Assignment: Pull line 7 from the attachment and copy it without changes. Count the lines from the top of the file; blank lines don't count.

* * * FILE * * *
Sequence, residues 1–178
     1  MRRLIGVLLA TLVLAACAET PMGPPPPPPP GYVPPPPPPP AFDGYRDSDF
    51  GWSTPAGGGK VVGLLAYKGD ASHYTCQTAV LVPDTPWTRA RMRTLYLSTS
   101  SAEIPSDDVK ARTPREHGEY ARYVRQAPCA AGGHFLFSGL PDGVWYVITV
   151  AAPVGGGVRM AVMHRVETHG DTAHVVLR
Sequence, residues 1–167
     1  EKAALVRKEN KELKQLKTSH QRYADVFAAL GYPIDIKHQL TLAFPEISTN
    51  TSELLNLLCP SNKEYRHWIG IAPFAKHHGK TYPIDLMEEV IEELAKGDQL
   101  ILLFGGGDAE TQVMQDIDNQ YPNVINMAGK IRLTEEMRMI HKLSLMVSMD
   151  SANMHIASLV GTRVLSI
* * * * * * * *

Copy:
     1  EKAALVRKEN KELKQLKTSH QRYADVFAAL GYPIDIKHQL TLAFPEISTN